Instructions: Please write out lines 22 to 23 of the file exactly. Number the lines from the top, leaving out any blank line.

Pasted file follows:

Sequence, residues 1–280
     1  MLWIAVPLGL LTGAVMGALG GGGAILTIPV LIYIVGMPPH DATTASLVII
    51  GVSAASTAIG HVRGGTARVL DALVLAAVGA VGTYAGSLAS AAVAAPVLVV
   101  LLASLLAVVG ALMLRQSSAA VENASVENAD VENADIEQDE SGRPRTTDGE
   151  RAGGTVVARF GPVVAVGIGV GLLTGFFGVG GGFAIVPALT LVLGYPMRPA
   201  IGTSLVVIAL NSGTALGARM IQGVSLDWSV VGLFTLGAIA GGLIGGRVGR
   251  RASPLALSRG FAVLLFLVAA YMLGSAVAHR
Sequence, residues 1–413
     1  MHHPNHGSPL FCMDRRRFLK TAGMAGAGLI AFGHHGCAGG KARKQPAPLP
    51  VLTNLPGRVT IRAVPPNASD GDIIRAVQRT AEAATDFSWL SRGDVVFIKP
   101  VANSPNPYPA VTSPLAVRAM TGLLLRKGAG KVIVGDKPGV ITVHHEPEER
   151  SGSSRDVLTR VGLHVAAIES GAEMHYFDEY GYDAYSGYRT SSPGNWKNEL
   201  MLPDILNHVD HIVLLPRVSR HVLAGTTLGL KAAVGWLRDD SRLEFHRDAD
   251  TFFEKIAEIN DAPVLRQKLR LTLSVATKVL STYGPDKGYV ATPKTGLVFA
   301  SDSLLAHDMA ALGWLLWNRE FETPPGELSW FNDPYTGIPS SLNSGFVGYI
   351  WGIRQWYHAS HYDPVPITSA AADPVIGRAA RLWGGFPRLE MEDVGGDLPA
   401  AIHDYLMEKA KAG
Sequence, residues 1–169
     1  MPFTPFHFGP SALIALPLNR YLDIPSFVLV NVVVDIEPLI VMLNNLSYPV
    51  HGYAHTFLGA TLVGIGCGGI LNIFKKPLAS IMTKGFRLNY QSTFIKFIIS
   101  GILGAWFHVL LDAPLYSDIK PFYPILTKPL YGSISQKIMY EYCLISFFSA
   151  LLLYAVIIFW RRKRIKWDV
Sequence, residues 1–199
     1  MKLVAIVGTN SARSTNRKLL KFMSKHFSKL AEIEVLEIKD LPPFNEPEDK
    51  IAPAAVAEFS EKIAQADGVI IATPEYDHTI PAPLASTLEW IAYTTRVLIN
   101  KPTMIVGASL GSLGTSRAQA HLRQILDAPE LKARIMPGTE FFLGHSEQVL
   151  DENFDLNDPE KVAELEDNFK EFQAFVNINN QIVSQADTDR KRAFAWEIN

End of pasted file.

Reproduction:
   151  LLLYAVIIFW RRKRIKWDV
Sequence, residues 1–199